Advantage Lucy has long had a devoted following, myself firmly in its ranks, and as I listened to them play their last show of the year at Mona Records I thought about what was behind their popularity.
There must be at least three things:
1. The melodies: Guitarist Yoshiharu Ishizaka consistently creates some of the most memorable, hummable melody lines out there;
2. The indie feel: Lucy songs have a written-by-the-guy-next-door feel, as if, with some effort, you could write something similar yourself. Though, in reality, well, good luck with that;
3. The voice: Aiko's bewitching voice. It's at once soft and powerful, and has an alluring, spring-clear quality.
The Mona show was an 'acoustic' set, meaning there weren't bass and drums and the amps were turned down, a set-up that highlighted Aiko's singing voice. Being in its presence for the half an hour or so was a fleeting pleasure, like seeing the sky at an hour when the colors are most radiant and varied. The cafe was packed and I stood toward the back, allowing me views of the band on the low stage only occasionally when the bodies in front of me shifted in just the right way, but that didn't matter, because the music was all that was needed to intoxicate. (In addition to winter-flavored songs like “Hello Mate!” they played two new songs and an unrecorded one, and Aiko hinted that an album will be coming out next year. Cross my fingers...)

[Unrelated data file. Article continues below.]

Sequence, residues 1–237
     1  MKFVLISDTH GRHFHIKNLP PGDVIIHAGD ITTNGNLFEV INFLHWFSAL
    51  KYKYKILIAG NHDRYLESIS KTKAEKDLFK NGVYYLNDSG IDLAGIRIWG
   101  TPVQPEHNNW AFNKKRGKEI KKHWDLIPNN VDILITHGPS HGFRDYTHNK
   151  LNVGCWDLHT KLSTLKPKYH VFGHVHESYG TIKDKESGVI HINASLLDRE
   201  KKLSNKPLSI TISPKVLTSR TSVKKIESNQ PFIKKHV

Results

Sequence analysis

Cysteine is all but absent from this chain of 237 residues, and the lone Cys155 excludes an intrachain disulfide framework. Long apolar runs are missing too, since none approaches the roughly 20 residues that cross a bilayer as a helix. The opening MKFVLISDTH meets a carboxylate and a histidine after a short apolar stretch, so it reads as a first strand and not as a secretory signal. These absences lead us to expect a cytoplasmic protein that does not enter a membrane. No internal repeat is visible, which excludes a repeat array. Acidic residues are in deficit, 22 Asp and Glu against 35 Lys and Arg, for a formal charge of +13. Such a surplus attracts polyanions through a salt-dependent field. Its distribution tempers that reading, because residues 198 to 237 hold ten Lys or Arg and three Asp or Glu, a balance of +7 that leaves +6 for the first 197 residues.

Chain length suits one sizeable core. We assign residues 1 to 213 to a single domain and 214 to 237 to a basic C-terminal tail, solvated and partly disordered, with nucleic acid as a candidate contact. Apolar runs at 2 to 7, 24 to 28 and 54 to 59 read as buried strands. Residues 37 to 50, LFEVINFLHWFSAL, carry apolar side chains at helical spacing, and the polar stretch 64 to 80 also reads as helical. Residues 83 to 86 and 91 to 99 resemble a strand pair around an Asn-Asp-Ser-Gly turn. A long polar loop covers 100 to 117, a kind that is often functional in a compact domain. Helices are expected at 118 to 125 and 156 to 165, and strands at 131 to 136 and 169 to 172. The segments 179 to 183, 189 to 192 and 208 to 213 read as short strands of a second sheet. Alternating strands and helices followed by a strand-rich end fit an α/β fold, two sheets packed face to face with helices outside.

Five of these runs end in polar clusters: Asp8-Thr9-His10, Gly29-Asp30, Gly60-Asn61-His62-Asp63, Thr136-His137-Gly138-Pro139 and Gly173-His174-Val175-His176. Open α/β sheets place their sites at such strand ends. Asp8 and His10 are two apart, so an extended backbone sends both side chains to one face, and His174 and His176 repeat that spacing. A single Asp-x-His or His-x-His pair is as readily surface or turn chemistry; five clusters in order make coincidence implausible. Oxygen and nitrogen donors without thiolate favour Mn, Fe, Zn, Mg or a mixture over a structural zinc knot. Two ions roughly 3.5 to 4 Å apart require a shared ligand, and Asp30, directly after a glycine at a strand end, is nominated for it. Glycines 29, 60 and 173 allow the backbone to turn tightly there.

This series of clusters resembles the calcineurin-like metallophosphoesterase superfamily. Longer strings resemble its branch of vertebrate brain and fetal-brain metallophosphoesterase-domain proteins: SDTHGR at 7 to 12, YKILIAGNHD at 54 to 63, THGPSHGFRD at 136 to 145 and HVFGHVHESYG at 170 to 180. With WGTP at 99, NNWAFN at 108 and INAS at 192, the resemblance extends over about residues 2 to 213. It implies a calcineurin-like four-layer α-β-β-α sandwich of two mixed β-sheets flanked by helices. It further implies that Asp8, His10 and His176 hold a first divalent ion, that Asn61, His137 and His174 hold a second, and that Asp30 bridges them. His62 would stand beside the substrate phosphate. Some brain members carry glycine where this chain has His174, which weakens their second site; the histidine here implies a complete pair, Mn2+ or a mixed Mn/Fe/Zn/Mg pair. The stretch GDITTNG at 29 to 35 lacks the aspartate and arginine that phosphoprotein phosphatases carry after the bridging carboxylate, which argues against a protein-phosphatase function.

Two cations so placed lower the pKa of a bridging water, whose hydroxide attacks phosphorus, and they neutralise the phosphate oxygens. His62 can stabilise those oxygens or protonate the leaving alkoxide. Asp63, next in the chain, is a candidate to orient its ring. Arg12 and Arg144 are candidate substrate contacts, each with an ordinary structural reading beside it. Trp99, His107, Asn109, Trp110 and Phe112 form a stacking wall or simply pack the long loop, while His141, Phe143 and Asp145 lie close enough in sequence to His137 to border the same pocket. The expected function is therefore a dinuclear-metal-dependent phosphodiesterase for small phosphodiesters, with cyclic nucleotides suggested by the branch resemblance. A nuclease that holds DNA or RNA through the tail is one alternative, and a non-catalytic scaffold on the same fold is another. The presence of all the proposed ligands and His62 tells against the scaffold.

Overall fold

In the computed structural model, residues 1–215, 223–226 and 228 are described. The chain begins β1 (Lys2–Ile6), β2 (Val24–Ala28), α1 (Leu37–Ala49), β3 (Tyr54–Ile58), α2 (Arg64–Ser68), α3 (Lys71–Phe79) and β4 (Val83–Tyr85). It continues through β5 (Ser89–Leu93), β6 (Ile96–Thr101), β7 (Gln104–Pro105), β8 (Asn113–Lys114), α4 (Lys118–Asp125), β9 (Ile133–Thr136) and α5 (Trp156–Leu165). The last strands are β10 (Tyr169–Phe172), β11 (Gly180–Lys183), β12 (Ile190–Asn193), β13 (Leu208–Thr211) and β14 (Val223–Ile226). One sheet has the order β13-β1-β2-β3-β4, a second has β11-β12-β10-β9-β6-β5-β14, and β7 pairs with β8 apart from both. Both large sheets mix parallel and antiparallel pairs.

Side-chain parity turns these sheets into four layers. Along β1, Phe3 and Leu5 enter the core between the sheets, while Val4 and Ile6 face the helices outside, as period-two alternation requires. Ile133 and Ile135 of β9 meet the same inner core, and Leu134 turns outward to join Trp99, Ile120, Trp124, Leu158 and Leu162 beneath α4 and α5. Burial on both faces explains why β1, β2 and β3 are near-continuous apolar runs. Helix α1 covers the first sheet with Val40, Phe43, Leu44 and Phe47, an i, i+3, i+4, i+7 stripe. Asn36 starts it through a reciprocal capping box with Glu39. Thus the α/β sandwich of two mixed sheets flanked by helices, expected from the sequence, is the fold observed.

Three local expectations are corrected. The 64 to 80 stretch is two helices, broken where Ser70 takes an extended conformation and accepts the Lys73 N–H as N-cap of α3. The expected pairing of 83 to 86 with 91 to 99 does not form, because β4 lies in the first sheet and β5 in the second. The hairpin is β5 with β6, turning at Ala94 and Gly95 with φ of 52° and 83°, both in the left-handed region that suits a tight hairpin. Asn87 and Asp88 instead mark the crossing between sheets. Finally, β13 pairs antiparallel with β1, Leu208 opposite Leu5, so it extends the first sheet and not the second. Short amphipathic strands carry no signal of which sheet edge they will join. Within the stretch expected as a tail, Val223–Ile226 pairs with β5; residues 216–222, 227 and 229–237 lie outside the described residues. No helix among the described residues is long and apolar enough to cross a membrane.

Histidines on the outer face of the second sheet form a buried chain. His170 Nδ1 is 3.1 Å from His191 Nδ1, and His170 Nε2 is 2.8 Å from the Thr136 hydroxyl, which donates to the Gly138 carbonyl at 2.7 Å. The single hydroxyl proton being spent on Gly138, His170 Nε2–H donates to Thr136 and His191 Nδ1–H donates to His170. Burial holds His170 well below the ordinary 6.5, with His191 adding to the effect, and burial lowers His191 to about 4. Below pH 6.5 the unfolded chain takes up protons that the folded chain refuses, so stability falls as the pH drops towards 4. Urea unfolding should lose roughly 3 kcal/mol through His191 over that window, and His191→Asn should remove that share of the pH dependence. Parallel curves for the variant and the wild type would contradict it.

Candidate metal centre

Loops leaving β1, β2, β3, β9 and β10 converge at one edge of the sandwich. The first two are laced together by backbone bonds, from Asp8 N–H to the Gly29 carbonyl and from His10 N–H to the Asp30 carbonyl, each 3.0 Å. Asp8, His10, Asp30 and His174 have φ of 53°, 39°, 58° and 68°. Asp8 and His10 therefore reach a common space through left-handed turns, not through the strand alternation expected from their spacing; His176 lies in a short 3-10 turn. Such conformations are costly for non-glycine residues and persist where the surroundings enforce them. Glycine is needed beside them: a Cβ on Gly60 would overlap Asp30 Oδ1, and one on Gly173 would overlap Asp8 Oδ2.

Round Table (pictured above) organized the event, and as always, their show was energetic and entertaining. The duo has been described as Shibuya-kei, but I felt there should be some other name for what they do, maybe, neo-Tokyo city pop, combining the sensibilities of R&B, soul and Latin with popular Japanese music (or, wait, did I just describe part of Shibuya-kei?).
In the audience: The duo that makes up solange et delphine, who I wrote about recently. They told me they are huge Round Table fans.
Haunted Live House: At the after-show party I heard that many people think the Shinjuku live house Jam is haunted. No one seemed to know why it was or in what way (is that a ghost next to you head-banging?), but this was apparently a common belief. It's pretty rare to meet a Japanese person who doesn't believe in ghosts.